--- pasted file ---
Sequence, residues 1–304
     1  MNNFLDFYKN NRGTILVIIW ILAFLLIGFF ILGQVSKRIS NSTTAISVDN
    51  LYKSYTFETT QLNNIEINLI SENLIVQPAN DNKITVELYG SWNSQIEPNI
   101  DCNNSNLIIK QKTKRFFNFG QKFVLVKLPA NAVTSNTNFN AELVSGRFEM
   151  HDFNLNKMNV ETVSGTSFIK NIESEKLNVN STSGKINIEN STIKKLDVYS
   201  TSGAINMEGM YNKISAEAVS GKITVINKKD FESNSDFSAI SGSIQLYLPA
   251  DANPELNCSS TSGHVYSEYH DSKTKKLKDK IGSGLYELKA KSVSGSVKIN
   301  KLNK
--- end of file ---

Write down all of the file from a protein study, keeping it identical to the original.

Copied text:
Sequence, residues 1–304
     1  MNNFLDFYKN NRGTILVIIW ILAFLLIGFF ILGQVSKRIS NSTTAISVDN
    51  LYKSYTFETT QLNNIEINLI SENLIVQPAN DNKITVELYG SWNSQIEPNI
   101  DCNNSNLIIK QKTKRFFNFG QKFVLVKLPA NAVTSNTNFN AELVSGRFEM
   151  HDFNLNKMNV ETVSGTSFIK NIESEKLNVN STSGKINIEN STIKKLDVYS
   201  TSGAINMEGM YNKISAEAVS GKITVINKKD FESNSDFSAI SGSIQLYLPA
   251  DANPELNCSS TSGHVYSEYH DSKTKKLKDK IGSGLYELKA KSVSGSVKIN
   301  KLNK